Robert Andrew Winner of the 40th Alice Prize 2018 – Saturday, 28 April 2018
Robert Andrew, White Wash Over The Burn (2017), Burnt timber boards – aluminium, ochre, oxides, 79 cm by 290 cm
Congratulations to Robert Andrew for being selected as the winner of the 40th Alice Prize 2018 for his work White Wash Over The Burn. Judge Brian Ritchie, MONA FOMA Curator, called Andrew on the evening of Friday, 27 April to inform him.
About the prize
In 2018, the Alice Prize will celebrate its 40th incarnation with an increased award for the winning artwork, of $40,000. The Alice Prize is an acquisitive national contemporary art prize, welcoming entries from around Australia, in any medium or theme. Significant among regional art prizes, the Alice Prize contributes to one of the largest regional collections of Australian art, with works by leading artists from across its near 50 year history. Coordinated by the Alice Springs Art Foundation, the Alice Prize is judged by an expert selection panel and judge of national standing, with national exposure for exhibiting artists and the opportunity to show in Mparntwe/Alice Springs, the cultural heart of Australia.
About the work
“In ‘White Wash Over The Burn’ (2017) I took wooden panels from my colonial-era house in Brisbane, which would have been cut from trees predating colonisation. My great-grandmother was of the Yawuru people, from the Broome area in the Kimberley region in Western Australia. I used a CNC machine to embed the boards with text from her repeated applications for citizenship and subsequent denials. Once lit, the boards were quenched with ochre and oxides that seeped into the cracks and then covered with white chalk to bind. Often historical documents were intentionally burnt to destroy and cover up atrocious acts against Indigenous people, and I used this process of burning to enact mirror this form of violence back upon the English text as a cathartic strategy.”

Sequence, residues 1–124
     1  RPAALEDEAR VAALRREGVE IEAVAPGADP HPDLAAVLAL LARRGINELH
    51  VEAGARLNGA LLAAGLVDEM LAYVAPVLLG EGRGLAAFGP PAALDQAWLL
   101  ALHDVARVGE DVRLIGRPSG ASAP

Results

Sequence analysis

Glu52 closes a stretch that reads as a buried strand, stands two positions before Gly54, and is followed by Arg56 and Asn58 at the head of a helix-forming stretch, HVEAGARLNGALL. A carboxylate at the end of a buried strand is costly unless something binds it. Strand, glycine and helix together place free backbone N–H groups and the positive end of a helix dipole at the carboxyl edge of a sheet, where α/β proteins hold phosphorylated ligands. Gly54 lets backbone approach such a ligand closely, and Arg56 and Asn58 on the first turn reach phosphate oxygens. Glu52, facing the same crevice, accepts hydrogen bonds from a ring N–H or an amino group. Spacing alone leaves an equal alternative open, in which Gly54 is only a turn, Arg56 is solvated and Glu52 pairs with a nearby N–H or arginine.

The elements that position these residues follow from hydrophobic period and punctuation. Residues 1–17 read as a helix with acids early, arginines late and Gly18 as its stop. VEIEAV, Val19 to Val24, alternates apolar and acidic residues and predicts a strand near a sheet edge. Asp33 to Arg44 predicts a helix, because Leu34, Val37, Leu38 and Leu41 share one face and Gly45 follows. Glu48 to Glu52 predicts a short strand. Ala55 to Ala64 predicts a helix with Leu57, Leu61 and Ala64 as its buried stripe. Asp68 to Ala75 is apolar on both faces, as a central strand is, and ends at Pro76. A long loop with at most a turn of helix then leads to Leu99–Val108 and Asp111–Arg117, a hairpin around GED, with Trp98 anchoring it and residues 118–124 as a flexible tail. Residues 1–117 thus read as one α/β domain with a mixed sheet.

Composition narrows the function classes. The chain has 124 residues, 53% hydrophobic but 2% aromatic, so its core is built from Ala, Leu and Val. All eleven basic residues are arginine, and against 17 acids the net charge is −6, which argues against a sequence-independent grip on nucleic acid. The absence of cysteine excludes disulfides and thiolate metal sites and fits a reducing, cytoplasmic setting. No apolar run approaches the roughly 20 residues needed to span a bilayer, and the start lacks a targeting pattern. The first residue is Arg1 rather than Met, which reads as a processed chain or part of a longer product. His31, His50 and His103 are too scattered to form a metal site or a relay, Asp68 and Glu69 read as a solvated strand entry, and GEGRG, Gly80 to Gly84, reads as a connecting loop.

About the artist
Robert Andrew’s practice-led research investigates denied and forgotten personal and family histories, utilising open-sourced, programmable technologies and machinery to erode, expose substrates, build stories and create residue. These works manifest as visually scraped back and built up palimpsests that reference technology, natural materials and the ‘artefact’.
Fusing the old and the new, Andrew uses earth pigments, ochres, rocks and soil to build stories of relationship to land and culture and to mine historical, cultural, political and personal events that have been ignored, buried and distanced by the dominant paradigms of our western culture.
Andrew is an artist of mixed heritage, a decedent of the Yawuru people from the Broome area in the Kimberley, Western Australia, as well as of European and Filipino descent. He holds a bachelor’s degree in Contemporary Australian Indigenous Art and an Honours Degree in Fine Arts from Griffith University, where he is currently a post graduate candidate for a Doctorate in Visual Arts.
His work is held in the collection of the National Gallery of Victoria and has been exhibited as part of Moving Backwards into the Future (2015) and Colony: Frontier Wars (2017) at the Ian Potter Centre at the NGV, as well as Ars Electronica (2017) in Austria. He was commissioned to make Moving from the Binary for the Experimenta Make Sense International Triennial of Media Art. In 2017 Andrew had solos at the Museum of Brisbane and Metro Arts Brisbane.